Luckily, Hilton has built a strong business model that should see it through any tough times.
Hilton reported solid second quarter earnings for 2019, although an uncertain political environment continues to slow the hotel giant’s growth in the U.S. and Asia Pacific.
Net income came in at $261 million for the quarter, a 20 percent increase from a year prior, driven primarily by strong unit growth. Meanwhile, revenue-per-available-room (RevPAR) increased a modest 1.4 percent compared to the year before, as U.S. trade tensions with China dampened both corporate bookings in the U.S. and leisure travel in Asia Pacific.
The company expects this trend to continue throughout the second half of 2019, and potentially into 2020. Hilton shares stayed relatively stable in the hours after the market open.
“More people are putting their caution flags up,” said Hilton CEO Christopher Nassetta in an earnings call Wednesday. “It doesn’t mean that they’re not spending, or hiring, or traveling. It just means they’re a little bit more cautious because of what’s going on in the broader environment.”
The impact of politics was top of mind for many analysts on the call, and Hilton was clear that it did not expect tensions to resolve anytime soon.
The decline in RevPAR in China was further impacted by the anti-extradition protests in Hong Kong, according to the company. The protests started at the end of March and are ongoing. Hilton expects travel in China to remain low throughout the rest of the year.
“China is clearly going to be worse in the second half of the year than the first,” said Nassetta, explaining that this would lead to a lower international performance overall.
In the U.S., June was a particularly weak month, with RevPAR growth the lowest it has been this year, although Hilton attributes this to the way the calendar fell.
That being said, weakness in the U.S. and China was balanced out by a strong performance in Europe, where Hilton continues to outperform the market.
Hilton continues to focus heavily on unit growth as a way to drive market share. The company opened 123 hotels in the second quarter of 2019, totaling 17,100 rooms. It has roughly 373,000 rooms in its global development pipeline, with over half already under construction.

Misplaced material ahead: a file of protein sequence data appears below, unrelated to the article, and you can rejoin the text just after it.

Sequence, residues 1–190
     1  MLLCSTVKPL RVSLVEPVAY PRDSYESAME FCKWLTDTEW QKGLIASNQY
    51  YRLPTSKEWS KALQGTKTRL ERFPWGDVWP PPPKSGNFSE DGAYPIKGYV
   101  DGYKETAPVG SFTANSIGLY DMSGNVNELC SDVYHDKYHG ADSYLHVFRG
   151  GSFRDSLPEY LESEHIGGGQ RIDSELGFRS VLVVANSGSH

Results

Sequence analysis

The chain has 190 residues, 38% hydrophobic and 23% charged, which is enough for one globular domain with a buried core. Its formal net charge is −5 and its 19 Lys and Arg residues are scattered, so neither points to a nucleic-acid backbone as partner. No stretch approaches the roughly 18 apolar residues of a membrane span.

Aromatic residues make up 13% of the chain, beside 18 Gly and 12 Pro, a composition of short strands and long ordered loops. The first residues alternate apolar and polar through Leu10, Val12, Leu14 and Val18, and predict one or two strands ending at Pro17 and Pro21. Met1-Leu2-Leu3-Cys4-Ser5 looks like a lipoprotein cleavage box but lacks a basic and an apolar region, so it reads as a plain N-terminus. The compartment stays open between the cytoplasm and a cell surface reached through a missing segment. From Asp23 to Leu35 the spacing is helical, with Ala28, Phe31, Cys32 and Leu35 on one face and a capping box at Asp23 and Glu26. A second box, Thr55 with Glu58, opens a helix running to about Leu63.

Over the past three months, the company announced several international signings, including its first Tapestry brand hotel in the Caribbean, its first Canopy brand hotel in Africa, as well as Waldorf Astoria Los Cabos Pedregal in Mexico.
By adding new rooms, the hospitality giant has seen franchise and management fees increase, which has helped boost its overall revenue. Plus, the vast majority of its deals do not require the hotel group to put down capital, which drives even higher net fees.
The company sees the biggest room for growth in the mid-scale market, and has high hopes for its new midscale brand, Tru by Hilton, which officially launched in January. Hilton plans to open its one hundredth Tru location this year, and has big plans for the future, suggesting that it may someday become its largest brand overall by number of units.
“Tru ultimately has the opportunity to be even much bigger than Hampton,” said CEO Nassetta, referring to its current largest hotel brand, Hampton by Hilton. “Some brands are mega brands, meaning they could grow to hundreds or potentially — over a long period of time – thousands. But probably none will be equivalent to Tru.”
Earlier this year, Hilton introduced its Hilton Gardens Inn prototype to China. The hotel is designed to appeal uniquely to Chinese travelers, and the hospitality group believes it will help fuel growth in Asia Pacific.
The Hilton rewards program, Hilton Honors, surpassed 94 million members this quarter. In May, the company announced a partnership with Lyft, allowing loyalty members to earn rewards points when using the ride-share company. The hotel giant plans to enter more partnerships with other companies in the future, seeing it as a way to drive engagement among its rewards members.
Photo credit: Hilton hotel in Albany, NY. 270742